The PRI, apparently alarmed at Cardenas's slipping popularity and his overtures to Fox, seems to be tempering its criticism of the Mexico City mayor, concerned that his drop in the polls could spur a coalition, according to several political analysts and consultants. This week, Labastida goaded Cardenas for selling out his principles for political expediency, apparently referring to the coalition talks.

In an interview, Cardenas said he could not explain his decline in voter surveys, adding that there was an "erroneous" view that the capital had not progressed under his stewardship, and that polls might be reflecting this "disinformation." One of the many factors that have contributed to the capital's problems, Cardenas and other analysts said, is the federal government's decision to cut its contribution to the city's budget this year by $600 million.

In his favor, Cardenas has not been scarred by personal scandal, and he scores well in most surveys for honesty and integrity. But his party, which he founded in 1988 with other PRI dissidents and opposition leaders wanting to open Mexico's political system, was severely damaged in March when its internal leadership elections were nullified because of vote rigging and corruption. The scandal also made the PAN suspicious of whether the PRD could be trusted to participate in a clean selection process for a coalition candidate.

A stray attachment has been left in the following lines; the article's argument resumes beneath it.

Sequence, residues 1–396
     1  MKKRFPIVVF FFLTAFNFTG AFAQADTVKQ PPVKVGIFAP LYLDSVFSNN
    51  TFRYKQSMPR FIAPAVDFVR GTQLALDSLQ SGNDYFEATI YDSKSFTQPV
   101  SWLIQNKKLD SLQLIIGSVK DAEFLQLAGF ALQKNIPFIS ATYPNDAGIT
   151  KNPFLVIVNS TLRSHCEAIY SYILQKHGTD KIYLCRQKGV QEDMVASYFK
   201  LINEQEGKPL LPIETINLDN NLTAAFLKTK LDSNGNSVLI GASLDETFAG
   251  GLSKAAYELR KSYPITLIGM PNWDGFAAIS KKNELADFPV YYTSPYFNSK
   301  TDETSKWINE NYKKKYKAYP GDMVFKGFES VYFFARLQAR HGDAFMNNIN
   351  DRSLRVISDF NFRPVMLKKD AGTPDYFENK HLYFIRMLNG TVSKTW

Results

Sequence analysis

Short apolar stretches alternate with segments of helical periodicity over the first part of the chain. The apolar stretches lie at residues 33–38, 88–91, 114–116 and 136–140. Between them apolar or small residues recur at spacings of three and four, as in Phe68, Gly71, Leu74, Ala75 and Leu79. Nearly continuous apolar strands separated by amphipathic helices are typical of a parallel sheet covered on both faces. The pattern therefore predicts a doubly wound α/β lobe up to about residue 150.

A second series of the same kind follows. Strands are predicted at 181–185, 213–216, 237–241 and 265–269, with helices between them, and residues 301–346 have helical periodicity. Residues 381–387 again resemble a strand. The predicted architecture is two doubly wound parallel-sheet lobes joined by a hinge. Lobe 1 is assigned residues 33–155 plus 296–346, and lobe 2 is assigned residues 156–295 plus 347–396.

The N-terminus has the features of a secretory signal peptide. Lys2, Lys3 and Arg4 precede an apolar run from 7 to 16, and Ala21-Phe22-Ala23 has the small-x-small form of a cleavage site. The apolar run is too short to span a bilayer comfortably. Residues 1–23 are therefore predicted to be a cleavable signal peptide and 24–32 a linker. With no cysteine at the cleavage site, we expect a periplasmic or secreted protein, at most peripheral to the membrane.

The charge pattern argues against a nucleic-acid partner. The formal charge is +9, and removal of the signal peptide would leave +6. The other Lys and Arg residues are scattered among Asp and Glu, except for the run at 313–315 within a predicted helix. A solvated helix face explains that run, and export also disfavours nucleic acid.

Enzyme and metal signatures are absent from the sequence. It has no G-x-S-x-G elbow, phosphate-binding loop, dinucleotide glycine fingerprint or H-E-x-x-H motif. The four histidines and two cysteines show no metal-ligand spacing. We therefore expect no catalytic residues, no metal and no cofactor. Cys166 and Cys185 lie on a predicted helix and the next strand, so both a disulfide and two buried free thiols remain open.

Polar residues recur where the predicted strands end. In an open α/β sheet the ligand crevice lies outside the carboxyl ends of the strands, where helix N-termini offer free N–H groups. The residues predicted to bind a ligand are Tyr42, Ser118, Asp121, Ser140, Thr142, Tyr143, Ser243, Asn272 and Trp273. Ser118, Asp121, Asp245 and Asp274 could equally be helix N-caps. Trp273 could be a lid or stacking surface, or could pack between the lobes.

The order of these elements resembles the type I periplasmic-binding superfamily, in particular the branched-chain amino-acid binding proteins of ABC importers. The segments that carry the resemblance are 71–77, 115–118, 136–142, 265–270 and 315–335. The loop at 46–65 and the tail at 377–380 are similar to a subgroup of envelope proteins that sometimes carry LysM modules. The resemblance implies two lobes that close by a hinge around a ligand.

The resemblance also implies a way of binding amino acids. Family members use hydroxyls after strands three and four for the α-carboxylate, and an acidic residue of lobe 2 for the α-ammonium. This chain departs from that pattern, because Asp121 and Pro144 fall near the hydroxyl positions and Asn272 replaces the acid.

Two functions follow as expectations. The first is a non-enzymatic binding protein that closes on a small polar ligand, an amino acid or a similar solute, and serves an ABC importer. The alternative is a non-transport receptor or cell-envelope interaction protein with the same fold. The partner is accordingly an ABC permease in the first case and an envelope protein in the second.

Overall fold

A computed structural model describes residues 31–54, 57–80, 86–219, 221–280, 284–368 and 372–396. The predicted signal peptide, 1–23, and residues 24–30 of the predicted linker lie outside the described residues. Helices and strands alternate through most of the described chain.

But Cardenas's tenure as mayor of Mexico City--and his inability to curb the capital's soaring crime, police corruption, pollution, unemployment and other problems--has left him vulnerable to charges of ineffectiveness. In a June poll of residents of the capital by the newspaper Reforma, more than 80 percent said crime, pollution and unemployment have stayed the same or gotten worse under Cardenas, and 64 percent said he should not seek the presidency.

The Candidates

Vicente Fox

National Action Party (PAN)

Right-center opposition candidate and former Coca-Cola executive. Once in third place, he now leads many voter surveys. In 1994 presidential election, the PAN candidate came in second, and the party expanded seats in the Chamber of Deputies, where it is the third-largest party.

Cuauhtemoc Cardenas

Democratic Revolutionary Party (PRD)

Leftist opposition leader and the first elected mayor of Mexico City. He led all polls as presidential candidate last year but recently has fallen into third place.

Francisco Labastida Ochoa

Institutional Revolutionary Party (PRI)

Believed to be President Ernesto Zedillo's choice as his successor. But the PRI's support has eroded over its handling of the economy and its history of corruption. Recent reforms have made Mexico's electoral process more democratic and have increased the opposition's chances.

Roberto Madrazo

(PRI)

Governor of Tabasco state, has deep family ties in the PRI, but is campaigning against the party establishment.

A Harris poll conducted in late July showed these results, given the following combinations of candidates if elections were held now:

Fox 37%

Labastida 34%

Cardenas 17%

Madrazo 39%

Fox 34%

Cardenas 18%

Any opposition alliance candidate 51%

Any PRI candidate 43%